The first time I read through this passage I noticed the way Bierce sets up the scenes throughout it. At the very beginning it goes on to set up the stage for a man, Peyton Farquhar, and his execution. What was unique to me was how Bierce focused on depicting just exactly the men around Peyton were positioned and standing. Instead of focusing on Peyton’s thoughts and emotions as he meets his death, the author really focuses on all of the infantry men from the way they are standing to how they are holding their gun and the exact mannerisms they go about carrying out his execution. Their is only a brief paragraph describing the hanging man. “He was a captain. A sentinel at each end of the bridge stood with his rifle in the position known as “support,” that is to say, vertical in front of the left shoulder, the hammer resting on the forearm thrown straight across the chest- a formal and unnatural position, enforcing erect carriage of the body,” (pg. 1).
Even during the man’s last moments the author goes on to describe the scene taking place more than the man himself. “The water, touched to gold by the early sun, the brooding mists under the banks at some distance down the stream, the fort, the soldiers, the piece of drift- all had distracted him,” (pg. 3).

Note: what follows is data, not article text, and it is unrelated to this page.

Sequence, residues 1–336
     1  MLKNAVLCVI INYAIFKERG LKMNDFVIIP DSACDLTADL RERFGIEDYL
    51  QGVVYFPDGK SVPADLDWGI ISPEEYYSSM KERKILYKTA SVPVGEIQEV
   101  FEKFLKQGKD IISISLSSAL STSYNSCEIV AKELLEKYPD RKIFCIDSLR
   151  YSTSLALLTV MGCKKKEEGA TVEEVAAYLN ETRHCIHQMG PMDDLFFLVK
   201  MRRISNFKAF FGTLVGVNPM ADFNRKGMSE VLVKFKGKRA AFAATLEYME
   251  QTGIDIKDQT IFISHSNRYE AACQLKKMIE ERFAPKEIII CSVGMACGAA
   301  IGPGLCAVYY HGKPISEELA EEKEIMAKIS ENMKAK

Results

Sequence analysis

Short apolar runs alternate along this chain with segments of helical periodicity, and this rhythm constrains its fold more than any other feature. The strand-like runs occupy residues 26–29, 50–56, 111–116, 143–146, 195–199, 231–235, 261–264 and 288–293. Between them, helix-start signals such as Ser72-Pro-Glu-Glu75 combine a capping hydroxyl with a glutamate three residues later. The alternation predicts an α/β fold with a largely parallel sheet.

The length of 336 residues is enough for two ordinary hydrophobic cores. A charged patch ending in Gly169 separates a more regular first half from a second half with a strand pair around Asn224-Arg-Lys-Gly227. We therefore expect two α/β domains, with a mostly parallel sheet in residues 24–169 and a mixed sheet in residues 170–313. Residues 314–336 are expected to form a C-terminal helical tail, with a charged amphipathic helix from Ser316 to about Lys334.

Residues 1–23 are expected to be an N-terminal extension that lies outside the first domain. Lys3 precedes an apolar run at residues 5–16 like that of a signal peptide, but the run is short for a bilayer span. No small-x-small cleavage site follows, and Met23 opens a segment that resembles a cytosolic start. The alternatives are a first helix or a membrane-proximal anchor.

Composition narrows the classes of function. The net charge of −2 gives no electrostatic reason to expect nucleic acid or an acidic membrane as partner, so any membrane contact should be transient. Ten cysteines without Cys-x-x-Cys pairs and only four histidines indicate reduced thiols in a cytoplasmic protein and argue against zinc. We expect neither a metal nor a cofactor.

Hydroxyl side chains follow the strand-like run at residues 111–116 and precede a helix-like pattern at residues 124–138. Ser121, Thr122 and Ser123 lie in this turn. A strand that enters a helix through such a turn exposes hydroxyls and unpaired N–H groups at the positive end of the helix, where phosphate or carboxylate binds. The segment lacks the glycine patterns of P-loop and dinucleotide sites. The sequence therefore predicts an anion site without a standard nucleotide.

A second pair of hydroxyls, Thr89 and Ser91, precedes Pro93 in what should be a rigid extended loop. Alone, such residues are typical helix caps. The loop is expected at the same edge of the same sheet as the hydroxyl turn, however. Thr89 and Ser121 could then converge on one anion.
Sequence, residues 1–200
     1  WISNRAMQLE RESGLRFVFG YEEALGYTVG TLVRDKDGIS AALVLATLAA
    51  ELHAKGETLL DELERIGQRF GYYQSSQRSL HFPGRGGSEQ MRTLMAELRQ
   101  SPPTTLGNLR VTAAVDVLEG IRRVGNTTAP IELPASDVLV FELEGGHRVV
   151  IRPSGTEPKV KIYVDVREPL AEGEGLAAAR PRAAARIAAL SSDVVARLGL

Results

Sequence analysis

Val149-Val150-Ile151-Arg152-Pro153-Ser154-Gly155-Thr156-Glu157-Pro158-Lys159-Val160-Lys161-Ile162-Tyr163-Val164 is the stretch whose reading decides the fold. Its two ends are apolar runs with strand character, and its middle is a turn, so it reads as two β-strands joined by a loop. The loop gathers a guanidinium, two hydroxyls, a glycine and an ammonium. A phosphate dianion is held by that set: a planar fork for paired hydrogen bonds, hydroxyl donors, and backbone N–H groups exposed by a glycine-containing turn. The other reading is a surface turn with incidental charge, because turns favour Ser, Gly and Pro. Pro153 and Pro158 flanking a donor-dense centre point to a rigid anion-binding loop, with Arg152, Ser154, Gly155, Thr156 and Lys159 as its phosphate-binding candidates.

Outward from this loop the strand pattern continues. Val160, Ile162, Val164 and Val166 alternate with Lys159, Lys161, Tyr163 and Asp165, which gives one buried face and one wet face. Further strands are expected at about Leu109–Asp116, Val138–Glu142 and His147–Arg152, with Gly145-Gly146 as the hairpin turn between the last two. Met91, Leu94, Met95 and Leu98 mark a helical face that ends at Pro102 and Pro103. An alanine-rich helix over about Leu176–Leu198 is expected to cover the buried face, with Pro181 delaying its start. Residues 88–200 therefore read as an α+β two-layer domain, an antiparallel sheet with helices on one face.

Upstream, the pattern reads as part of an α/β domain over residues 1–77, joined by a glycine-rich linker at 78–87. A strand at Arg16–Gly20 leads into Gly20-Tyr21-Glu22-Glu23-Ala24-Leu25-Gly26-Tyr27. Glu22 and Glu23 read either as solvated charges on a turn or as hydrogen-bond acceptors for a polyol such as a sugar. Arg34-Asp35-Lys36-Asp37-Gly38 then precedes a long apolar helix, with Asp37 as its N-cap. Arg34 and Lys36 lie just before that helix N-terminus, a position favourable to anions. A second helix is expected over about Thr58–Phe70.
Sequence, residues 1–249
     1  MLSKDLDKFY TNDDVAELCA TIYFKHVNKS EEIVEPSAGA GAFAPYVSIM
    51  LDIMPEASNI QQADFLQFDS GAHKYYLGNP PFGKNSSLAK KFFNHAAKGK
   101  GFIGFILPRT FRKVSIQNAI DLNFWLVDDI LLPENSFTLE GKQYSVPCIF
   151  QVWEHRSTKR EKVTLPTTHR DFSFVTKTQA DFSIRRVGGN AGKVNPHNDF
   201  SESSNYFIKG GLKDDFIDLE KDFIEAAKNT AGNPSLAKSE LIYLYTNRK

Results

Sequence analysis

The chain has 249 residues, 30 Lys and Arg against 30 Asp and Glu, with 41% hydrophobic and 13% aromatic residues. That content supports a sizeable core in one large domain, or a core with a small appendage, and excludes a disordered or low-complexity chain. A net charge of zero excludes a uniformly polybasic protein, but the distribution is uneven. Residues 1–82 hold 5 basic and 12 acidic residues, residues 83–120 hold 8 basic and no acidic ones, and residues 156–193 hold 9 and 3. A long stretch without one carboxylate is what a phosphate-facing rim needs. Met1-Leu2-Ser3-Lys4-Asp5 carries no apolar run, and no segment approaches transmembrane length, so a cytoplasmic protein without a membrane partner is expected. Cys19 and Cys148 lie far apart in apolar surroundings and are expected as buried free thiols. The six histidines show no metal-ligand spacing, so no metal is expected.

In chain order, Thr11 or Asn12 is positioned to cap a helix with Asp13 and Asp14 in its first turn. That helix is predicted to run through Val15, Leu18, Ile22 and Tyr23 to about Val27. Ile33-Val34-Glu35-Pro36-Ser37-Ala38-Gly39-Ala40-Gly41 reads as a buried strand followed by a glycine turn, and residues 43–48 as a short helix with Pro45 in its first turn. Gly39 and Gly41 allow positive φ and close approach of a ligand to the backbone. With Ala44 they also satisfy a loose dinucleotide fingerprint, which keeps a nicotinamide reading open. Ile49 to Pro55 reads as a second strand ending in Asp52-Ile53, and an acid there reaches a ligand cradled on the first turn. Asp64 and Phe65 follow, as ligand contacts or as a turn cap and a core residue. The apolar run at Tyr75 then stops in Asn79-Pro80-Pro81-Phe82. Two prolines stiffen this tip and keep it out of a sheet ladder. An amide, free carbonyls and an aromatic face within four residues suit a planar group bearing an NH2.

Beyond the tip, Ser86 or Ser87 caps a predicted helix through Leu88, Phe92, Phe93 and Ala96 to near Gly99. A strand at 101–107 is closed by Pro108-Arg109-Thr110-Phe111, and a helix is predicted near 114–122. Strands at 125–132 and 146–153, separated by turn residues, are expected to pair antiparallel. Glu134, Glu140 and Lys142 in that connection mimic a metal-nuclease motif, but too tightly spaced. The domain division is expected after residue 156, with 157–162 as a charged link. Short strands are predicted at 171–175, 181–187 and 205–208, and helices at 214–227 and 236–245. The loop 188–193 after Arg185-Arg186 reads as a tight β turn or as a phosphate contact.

The whole first part had be focusing on the scene that was taking place rather than the man that was being executed. The way the author fixed the details about the scene made me feel like it was a very stiff and affectless event. Typically I feel like I would’ve been more concerned with the man being hanged and just skimmed through all of the other details to find out why he was meeting his death.
3 thoughts on “Bierce, “An Occurrence at Owl Creek Bridge””
Do you have an idea as to why the narrator described the men around Peyton rather than Peyton himself? Maybe this has something to do with why Jerz asked us if we think the narrator is reliable or not. I think this part that you bring up shows that the narrator is unreliable because the reader wants to know about Peyton’s thoughts, not what the executioners are doing.
I think narrator describes the men more than Peyton because he is trying to distract us from the end that we don’t see coming. By describing what is actually taking place in so much detail it enabled me to point out indicators where the story switches from reality to fantasy.
I do think you made a great point though; I think the narrator is unreliable. The twist ending forces us to reconsider our point of view and makes us question just how much we can trust the narrator because of how much he weaved the story in and out of time sequence. But at the same time there’s one thing I question. Does describing a dream sequence make the narrator unreliable?